nomena and falls in the region of the speculatively metaphysical suppositions.8
(Hartmann 1950, 94)
The upshot is that for Hartmann the “disappearance” thesis according to which
spacetime vanishes in the fundamental level of reality only to “emerge” in the low
energy domain from the fundamental dynamical building blocks is untenable. His

7 As I mentioned at the end of Section 2, the authors of Huggett and Wüthrich (2013) propose a different
meaning of “physical salience” for – at least – QG theories. Different from Hartmann’s account, of course.
Indeed, according to them physical salience is a theory-laden notion that should not be inherently spa-
tiotemporal, and the only requirement for a theory to be physically salient is to provide a model from which
one can recover the features of general relativistic spacetime at low-energies. Clearly, such an epistemo-
logical position is compatible with the (ontological) claim that the fundamental, physical reality described
by QG (the high energy limit) does not need to be spatiotemporal in any sense, and relativistic spacetime
can be only an “emergent” (i.e., non-fundamental) structure.
8 For a similar argument about time see Hartmann (1950), 156–157.
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critical ontology allows him to resist this thesis without falling into substantivalism,
and is compatible with the weaker version of relationalism, explained in Hagar and
Hemmo (2013), according to which it is the specific structure (e.g., continuous, 4–
dimensional, Riemannian) of spacetime geometry that may supervene on the more
fundamental building blocks, and not spacetime per se. Hartmann, while admitting
in his critical ontology that the specific structure of spacetime may depend on matter
and energy (e.g., in Hartmann 1950, ch. 6 c), gives however no explicit clue of how
such a dependence could be realized, and leaves this question open, to be answered
by the physicists.

6 Conclusion

Theoretical physicists working in QG are conscious more often than not of the philo-
sophical conundrums that loom in their domain, to the extent that they sometimes
even solicit philosophers’ help in conceptual clarifications:
Quantum Gravity is a hard problem. [. . .] Beyond the technical difficulties, this
is necessarily going to be a conceptual tour-de-force. It is here that philosophy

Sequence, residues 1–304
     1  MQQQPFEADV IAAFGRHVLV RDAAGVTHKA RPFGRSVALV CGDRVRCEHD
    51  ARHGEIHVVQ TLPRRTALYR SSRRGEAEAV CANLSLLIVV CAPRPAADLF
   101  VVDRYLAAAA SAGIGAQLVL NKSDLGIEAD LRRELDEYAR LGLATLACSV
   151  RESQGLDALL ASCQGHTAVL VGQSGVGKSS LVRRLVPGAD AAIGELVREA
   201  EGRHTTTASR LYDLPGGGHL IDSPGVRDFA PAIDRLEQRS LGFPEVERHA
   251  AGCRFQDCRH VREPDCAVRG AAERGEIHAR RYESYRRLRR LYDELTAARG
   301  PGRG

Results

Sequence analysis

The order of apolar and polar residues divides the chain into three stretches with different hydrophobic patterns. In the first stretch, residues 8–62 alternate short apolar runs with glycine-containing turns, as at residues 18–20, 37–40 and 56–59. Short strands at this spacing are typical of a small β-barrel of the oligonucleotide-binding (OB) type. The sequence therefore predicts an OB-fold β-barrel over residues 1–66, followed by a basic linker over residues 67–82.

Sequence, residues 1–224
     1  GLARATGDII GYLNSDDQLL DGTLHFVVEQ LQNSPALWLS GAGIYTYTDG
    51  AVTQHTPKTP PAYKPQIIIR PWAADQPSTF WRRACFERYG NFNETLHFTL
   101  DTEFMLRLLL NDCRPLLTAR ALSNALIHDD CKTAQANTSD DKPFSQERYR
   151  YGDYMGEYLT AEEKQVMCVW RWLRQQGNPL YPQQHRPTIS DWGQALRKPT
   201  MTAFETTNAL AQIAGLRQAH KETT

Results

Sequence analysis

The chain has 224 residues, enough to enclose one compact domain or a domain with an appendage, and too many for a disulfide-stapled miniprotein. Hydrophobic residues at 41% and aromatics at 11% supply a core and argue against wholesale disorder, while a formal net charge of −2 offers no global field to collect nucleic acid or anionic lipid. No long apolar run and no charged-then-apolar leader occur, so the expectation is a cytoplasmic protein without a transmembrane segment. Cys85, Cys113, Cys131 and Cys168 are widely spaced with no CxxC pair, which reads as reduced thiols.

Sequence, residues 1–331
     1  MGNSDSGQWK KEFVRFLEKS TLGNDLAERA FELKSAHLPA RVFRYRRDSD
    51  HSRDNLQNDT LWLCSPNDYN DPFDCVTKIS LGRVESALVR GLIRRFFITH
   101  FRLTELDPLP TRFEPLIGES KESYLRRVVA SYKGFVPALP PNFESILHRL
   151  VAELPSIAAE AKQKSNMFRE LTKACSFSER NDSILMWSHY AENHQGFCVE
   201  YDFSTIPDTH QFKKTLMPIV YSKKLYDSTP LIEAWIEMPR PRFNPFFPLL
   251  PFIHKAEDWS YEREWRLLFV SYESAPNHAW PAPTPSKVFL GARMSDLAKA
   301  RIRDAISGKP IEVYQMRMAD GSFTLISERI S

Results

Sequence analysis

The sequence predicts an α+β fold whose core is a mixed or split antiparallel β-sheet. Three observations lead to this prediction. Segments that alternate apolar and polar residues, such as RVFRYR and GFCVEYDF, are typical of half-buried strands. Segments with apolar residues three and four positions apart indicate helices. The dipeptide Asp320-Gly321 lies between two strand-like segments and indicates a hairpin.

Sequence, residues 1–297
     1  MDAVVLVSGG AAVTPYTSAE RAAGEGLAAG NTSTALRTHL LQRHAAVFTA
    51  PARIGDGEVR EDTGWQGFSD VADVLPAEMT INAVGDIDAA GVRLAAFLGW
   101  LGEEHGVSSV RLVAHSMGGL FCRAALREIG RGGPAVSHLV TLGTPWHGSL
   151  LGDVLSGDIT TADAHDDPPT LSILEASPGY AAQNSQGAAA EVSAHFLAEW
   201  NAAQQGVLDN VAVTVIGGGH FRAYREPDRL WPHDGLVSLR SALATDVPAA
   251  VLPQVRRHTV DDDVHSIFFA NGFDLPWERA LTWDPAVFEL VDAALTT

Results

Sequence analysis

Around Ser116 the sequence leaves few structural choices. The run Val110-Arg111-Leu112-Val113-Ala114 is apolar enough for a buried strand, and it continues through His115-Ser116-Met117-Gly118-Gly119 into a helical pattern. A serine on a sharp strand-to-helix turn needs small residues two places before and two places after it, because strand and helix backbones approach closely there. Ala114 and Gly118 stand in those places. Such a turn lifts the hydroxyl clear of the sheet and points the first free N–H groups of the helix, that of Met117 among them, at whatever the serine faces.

can and should help the development of theoretical physics. Clarify the con-
ceptual basis of quantum gravity approaches, smoothen the tortuous reasoning
of theoretical physicists towards a solution of the continuum conundrum, alert
them of hidden assumptions or prejudices and of shaky conceptual foundations
for their theories, force them to be honest and rigorous in their thinking, and
not only in their mathematics. This is what we believe philosophers working
on the foundations of spacetime theories, and of quantum gravity in particular,
should do. (Oriti 2012, 1–2)
Remarkably, Hartmann has anticipated the physicists’ plea for help; his Philoso-
phie der Natur turns out to be an ante litteram attempt to develop a deeper analysis
of fundamental concepts for modern physics. In this sense, its neglect in the current
philosophical landscape is only to be lamented. As in the case of other and more
famous philosophers, e.g., C.D. Broad, Hartmann’s views seem to be highly relevant
even today, especially in domains such as the philosophy of QG, where physics is
approaching its ultimate frontier.
The lesson we learn from Hartmann is a well known one, namely, that experience
and experiment remain the final arbiters in science, and that any departure there-
from leads inevitably into metaphysical speculations, which lie outside the realm of
knowledge. In this sense, doing away with spacetime in QG is just one step too many.

Acknowledgments I am grateful – first of all – to Prof. Amit Hagar for the fundamental support, and
for letting me read the manuscript of his new book. Special thanks to prof. Sander Gliboff for the English
translation of Hartmann’s text in Section 4.3, and to the entire Department of History and Philosophy of
Science of the Indiana University at Bloomington, which sponsored my research project in the USA. I
am particularly indebted to prof. Marco Giunti and the ALOPHIS society, and to prof. Annamaria Loche
and the Scuola di Dottorato in Filosofia ed Epistemologia, who approved my project, and to the Regione
Autonoma della Sardegna and the Università di Cagliari, which supported it. Of course, I am grate-
ful to my three anonymous referees for their critical comments. Finally, I wish to thank my tutor, prof.
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PierLuigi Lecis, who, years ago, drove me to study Hartmann’s philosophy. A different version of this
article is present in my Ph.D. thesis: Time in Nicolai Hartmann’s philosophy, Università di Cagliari, 2014
(partly published by Lambert Academic Publishing with the title: Problems of time in Nicolai Hartmann’s
philosophy).